Thursday, October 23, 2014

TransTools for Visio

Not terribly Perl-specific, obviously, but here's the first tool I've ever found to help with translating Visio documents and embeds: TransTools for Visio. It's not perfect (what in the Microsoft ecosystem can ever be?) but it's a damn sight better than slogging through by hand, and a point of departure should I run into more Visio in the future. For some reason, it's sadly rare.

As things stand, with Word 2003 and Visio 2007, translating in TRADOS 2011, the workflow is:

  • Open the TransTools for Visio file in Visio.
  • Find a Visio drawing. If it opens directly, great, otherwise:
  • Cut and paste the drawing into a new document and open it directly there.
  • Select All and copy out everything in the drawing.
  • Paste into a new unnamed drawing in the same process as the open TTV drawing with the macros.
  • Run the magical macro to search the unnamed drawing and build a Word table.
  • Copy that table into a new document because the macro doesn't open the table in a full Word instance with menus (this could be fixed, obviously)
  • Drag that new document into the source language side of SDL.
  • Prepare that for translation.
  • Move to target language and translate. Don't use tabs, as they'll mess us up three steps from now.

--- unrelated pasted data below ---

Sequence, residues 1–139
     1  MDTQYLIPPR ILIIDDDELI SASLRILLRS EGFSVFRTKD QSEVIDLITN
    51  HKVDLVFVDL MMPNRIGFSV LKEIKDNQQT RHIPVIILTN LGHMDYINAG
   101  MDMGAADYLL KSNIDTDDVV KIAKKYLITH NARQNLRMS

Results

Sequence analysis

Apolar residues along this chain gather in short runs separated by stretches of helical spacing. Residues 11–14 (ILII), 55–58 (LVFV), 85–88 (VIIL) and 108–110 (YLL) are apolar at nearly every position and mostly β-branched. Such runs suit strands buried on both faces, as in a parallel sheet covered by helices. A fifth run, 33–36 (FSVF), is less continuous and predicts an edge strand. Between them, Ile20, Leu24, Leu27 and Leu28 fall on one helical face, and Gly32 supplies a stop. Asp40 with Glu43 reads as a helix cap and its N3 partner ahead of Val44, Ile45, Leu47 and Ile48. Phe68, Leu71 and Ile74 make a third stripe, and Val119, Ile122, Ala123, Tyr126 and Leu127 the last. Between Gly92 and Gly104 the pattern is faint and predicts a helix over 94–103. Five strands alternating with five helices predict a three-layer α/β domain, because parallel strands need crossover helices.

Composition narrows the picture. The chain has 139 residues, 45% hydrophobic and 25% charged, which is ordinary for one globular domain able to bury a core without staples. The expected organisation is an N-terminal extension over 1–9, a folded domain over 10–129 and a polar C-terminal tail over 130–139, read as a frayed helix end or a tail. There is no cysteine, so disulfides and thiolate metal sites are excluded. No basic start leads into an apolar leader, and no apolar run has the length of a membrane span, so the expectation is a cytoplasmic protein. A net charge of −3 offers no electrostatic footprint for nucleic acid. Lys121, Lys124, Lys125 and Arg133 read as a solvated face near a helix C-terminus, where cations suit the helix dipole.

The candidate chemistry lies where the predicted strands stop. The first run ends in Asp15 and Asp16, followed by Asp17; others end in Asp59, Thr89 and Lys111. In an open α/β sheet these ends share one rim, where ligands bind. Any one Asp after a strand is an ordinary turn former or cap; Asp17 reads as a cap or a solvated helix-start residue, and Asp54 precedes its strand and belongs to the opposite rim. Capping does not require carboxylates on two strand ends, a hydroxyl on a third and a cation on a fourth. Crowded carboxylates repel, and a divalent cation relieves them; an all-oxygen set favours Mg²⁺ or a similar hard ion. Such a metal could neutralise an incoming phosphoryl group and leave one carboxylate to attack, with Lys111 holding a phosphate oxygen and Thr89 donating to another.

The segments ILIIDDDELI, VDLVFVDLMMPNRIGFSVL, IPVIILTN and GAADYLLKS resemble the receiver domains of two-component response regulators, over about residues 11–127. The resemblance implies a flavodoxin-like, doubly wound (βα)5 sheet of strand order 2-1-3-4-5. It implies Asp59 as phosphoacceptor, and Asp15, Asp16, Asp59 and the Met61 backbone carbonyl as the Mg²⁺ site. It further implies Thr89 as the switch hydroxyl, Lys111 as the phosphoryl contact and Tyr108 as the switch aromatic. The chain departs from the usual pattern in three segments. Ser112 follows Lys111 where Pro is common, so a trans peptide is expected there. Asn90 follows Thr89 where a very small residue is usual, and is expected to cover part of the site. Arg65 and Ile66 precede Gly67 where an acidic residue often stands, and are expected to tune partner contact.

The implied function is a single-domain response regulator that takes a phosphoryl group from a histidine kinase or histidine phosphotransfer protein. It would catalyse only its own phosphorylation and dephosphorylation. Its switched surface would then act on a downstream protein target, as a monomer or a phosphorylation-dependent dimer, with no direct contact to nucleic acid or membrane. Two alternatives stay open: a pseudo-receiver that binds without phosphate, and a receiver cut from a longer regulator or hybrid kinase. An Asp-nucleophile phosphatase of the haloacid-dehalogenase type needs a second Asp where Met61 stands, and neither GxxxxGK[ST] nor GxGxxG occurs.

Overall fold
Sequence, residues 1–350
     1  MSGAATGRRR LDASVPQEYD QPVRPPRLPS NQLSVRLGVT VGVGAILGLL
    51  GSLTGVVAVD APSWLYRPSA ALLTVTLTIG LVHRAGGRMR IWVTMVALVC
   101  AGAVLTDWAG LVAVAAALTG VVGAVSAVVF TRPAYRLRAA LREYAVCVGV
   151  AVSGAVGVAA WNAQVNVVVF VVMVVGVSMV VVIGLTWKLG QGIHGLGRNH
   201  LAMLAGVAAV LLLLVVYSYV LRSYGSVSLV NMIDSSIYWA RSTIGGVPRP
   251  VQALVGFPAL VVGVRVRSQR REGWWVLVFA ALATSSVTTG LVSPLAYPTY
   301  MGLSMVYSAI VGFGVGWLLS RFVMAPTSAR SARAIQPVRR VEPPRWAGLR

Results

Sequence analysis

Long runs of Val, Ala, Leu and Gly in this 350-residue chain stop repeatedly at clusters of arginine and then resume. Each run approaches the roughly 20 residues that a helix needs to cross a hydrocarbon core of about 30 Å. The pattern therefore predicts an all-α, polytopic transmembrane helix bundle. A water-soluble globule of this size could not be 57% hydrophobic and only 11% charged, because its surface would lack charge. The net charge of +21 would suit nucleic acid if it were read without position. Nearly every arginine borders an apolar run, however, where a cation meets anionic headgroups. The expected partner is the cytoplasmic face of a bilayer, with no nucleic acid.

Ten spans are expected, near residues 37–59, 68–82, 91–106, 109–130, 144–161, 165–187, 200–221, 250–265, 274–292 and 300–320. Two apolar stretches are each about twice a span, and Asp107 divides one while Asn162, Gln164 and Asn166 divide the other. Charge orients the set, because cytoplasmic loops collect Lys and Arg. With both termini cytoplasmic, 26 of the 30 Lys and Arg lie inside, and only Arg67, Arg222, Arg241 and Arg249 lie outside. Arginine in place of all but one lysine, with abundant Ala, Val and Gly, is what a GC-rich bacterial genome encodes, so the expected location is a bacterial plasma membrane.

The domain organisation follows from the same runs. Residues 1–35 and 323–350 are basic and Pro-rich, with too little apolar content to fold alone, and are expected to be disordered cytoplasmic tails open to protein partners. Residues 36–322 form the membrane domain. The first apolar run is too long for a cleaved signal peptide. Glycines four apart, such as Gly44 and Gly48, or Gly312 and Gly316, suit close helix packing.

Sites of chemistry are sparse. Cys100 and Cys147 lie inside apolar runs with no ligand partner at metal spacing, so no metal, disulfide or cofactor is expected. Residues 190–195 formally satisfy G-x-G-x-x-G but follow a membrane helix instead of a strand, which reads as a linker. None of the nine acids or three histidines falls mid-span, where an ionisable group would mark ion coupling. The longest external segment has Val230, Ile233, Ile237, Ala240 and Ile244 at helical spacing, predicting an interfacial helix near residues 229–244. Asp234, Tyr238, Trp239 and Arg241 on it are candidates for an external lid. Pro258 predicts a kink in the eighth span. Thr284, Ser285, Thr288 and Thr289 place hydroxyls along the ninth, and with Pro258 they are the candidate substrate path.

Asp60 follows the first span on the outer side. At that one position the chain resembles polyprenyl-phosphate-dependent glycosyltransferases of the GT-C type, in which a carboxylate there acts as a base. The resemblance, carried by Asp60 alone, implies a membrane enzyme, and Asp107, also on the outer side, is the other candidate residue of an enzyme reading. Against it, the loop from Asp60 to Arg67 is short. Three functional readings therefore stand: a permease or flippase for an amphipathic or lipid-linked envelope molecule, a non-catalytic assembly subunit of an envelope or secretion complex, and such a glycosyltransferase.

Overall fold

• Save the target document.
  • Open that document, select the left column, and paste into the original interim document, then copy the whole table.
  • Run the magical macro to search-and-replace the unnamed drawing. This uses a tab-delimited paste of the table, so tabs in your text will be Very Bad Indeed.
  • Select All in the unnamed drawing, and copy.
  • Delete everything in the embedded drawing, and paste the translated bits.
  • Jockey around to align properly. This is pretty manual. Sometimes you need to adjust text sizes as well, so actually this probably has to be manual.
  • If you copied the drawing out into a separate document, now copy it back in. Adjust for location and size if that step screwed things up, which they appear always to do (I don't have enough experience yet).
That's a pretty lengthy process, and yet it's still far superior in terms of mental capacity and quality control than not translating using a real tool. Everything except the translation and the last two steps could be automated, some during job preparation (which is obviously a good thing, because otherwise your word counts will be off).

So. Very nice tool.

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